Strange discussions in Manhattan

Whitton's butchers
Whitton's butchers

THANKS for printing the photo of the Headland shops (Memory Lane, March 31) which brought back some happy memories for me.

The shops in the picture were in fact in Middlegate.

My dad, Arthur, owned the butcher’s shop at number seven, whilst Bill and Alma Davison owned the newsagent’s next door at number nine.

Dad started trading in 1975, taking over from Bill and Lil Robson who had retired after running the shop for many years.

He retired in 1993, with my brother Alan taking over.

Sadly my father had a short retirement and died in 1994.

As a teenager I earned my pocket-money by travelling over from ‘West’ after school on Fridays to help deliver orders, and then on Saturdays to help in the shop.

I had pretty mundane tasks, given my age, such as baking pies, pasties and ‘savoury ducks’ (faggots), preparing pease pudding, mince and sausage meat.

I hated scrubbing the wooden cutting block after the shop had closed!

In winter the shop was freezing cold to work in, especially if the wind was blowing in from the sea.

I also delivered orders to homes across the Headland.

The family names Broughton, Wrigley, Lancaster, Truefitt, Lister, Snowdon and McLelland immediately spring to mind.

I recall dropping orders off at the Fish Quay on to boats owned or skippered by the likes of Freddie Boagey, Norman Wallace and Jack Brunson.

The Headland was full of characters, and I got on really well with the local beat bobby, Ian Ferguson, who knew most – both good and bad!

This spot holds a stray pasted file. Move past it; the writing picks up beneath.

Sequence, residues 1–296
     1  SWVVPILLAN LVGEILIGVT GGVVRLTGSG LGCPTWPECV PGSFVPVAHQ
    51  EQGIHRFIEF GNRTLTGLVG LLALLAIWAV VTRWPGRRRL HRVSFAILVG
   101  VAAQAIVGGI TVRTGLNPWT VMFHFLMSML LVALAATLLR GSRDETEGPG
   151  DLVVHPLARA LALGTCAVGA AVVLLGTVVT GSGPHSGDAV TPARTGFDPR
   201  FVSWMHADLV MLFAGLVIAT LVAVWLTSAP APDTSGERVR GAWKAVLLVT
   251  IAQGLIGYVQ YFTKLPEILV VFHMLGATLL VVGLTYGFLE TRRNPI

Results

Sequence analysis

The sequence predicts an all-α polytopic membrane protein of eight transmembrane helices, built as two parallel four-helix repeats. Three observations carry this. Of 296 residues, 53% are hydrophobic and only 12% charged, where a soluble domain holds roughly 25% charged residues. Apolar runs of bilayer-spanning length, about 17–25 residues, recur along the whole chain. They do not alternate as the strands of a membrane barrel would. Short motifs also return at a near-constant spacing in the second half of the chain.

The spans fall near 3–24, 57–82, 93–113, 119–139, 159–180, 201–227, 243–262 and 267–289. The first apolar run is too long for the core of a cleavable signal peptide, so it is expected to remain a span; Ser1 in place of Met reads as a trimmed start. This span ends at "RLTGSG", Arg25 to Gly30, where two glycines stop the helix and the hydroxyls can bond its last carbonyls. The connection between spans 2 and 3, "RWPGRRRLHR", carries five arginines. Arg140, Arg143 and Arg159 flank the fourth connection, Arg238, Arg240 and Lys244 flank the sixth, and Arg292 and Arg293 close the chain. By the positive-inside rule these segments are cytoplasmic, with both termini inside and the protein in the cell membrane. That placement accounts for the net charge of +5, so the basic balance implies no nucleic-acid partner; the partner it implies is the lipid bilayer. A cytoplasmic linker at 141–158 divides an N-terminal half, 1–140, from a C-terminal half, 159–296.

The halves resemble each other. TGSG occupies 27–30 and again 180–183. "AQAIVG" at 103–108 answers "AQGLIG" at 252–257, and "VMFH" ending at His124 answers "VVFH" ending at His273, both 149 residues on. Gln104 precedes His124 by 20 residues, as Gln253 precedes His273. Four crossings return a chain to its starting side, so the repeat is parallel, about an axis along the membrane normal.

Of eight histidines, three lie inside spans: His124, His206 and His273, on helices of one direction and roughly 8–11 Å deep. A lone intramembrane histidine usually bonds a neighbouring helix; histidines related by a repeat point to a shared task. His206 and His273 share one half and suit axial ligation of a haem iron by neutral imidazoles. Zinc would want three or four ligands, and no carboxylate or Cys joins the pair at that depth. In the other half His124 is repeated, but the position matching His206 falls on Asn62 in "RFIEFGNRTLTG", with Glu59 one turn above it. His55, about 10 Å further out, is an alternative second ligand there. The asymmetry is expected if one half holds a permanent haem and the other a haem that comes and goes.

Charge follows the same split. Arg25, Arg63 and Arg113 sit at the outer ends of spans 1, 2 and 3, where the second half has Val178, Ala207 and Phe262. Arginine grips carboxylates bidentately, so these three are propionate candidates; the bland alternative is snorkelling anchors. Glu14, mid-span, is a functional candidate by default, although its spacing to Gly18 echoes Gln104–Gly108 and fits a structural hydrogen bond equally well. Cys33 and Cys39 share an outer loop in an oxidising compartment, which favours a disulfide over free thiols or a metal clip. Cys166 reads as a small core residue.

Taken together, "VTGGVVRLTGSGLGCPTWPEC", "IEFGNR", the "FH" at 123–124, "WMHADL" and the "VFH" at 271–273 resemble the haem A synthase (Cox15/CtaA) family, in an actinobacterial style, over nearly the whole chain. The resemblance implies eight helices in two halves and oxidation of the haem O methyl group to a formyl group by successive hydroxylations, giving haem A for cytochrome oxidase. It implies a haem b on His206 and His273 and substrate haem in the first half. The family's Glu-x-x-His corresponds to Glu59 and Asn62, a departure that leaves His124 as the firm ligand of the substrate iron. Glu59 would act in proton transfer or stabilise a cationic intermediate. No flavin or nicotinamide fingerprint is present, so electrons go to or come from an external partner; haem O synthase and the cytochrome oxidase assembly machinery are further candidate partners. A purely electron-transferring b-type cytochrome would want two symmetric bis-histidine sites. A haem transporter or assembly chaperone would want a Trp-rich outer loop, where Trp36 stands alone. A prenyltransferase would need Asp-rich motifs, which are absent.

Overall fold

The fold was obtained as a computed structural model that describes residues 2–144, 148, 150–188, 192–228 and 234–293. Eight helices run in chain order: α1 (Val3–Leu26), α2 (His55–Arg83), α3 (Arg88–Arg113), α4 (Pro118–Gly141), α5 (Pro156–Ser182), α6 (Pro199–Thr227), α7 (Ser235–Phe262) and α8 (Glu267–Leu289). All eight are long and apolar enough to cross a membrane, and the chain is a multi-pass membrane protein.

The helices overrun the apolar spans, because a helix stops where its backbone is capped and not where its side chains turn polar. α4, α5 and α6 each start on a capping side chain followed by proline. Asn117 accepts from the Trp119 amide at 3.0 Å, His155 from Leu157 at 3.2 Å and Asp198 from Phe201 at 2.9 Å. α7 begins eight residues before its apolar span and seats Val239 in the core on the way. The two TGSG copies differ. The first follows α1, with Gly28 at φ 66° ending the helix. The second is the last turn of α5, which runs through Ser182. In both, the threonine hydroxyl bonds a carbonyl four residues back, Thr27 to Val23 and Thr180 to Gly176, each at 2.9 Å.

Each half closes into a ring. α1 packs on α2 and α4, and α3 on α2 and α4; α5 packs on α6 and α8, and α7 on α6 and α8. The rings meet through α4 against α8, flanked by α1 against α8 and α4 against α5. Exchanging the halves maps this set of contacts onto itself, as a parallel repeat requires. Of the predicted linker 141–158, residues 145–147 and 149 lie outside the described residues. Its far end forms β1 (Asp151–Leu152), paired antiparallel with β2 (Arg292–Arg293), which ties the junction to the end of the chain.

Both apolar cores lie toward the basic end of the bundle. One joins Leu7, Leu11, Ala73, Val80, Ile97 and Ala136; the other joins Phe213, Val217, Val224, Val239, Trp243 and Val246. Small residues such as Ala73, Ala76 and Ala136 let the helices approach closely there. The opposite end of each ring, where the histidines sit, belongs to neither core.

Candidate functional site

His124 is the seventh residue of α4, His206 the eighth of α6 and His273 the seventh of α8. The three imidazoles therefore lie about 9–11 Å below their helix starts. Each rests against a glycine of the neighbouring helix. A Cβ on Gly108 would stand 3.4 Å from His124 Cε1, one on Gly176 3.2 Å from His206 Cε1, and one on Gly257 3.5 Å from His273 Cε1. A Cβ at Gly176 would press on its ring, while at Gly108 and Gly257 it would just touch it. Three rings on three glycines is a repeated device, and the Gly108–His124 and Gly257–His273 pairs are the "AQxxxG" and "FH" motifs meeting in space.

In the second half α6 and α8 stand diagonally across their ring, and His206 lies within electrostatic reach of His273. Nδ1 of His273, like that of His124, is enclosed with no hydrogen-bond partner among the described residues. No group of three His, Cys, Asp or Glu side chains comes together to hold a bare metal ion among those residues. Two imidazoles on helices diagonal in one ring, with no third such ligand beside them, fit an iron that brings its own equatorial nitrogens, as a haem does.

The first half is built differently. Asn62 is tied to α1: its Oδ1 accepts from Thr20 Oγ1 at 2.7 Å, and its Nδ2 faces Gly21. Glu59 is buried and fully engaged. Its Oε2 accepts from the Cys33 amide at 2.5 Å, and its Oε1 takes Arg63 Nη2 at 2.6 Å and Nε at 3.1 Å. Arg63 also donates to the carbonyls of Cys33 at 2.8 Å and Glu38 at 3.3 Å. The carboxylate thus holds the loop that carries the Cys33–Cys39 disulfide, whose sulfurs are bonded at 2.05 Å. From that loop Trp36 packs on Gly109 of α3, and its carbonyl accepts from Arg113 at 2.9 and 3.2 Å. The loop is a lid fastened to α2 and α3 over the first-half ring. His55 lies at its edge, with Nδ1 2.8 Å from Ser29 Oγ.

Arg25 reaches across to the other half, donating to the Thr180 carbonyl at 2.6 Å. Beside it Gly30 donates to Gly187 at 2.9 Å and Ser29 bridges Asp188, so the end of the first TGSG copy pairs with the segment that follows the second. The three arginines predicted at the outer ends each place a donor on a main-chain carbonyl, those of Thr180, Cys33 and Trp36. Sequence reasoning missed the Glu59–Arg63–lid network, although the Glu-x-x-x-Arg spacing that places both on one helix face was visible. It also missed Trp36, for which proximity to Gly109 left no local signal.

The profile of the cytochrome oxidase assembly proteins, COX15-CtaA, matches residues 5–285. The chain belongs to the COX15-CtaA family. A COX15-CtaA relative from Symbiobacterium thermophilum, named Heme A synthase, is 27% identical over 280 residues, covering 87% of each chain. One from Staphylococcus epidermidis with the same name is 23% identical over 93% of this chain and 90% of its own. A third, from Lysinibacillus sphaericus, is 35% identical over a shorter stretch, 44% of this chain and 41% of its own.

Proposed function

He often spent his lunch break having a chat, a cup of tea and a ham sandwich in the back shop.

One of my strongest recollections was that of the coxswain of the lifeboat, Robbie Maiden senior who lived in Baptist Street, buying his weekend joint one Saturday, getting a call out, dropping all of his shopping on the floor and legging it out of the shop to respond!

I remember going over to the Town Wall to see our brand new lifeboat, The Scout, speed past with that courageous man at the helm. I had the greatest respect for him from that day on.

I chose a career outside of butchery but had a strange reminder of the shop when I was in New York City working on a Museum project in 2006 for The Expanded Metal Co.

I was in a queue in a shop and chatted to the guy in front, who happened to be from the East Midlands.

I was taken aback when he asked if I was from Hartlepool.

It transpired that he used to go fishing with the Holland family from the Headland, and he called at my dad’s shop to buy sandwiches beforehand.

I never dreamt that one day I’d be discussing Whitton’s pork sandwiches in the middle of Manhattan!

Paul Whitton,

Claremont Drive,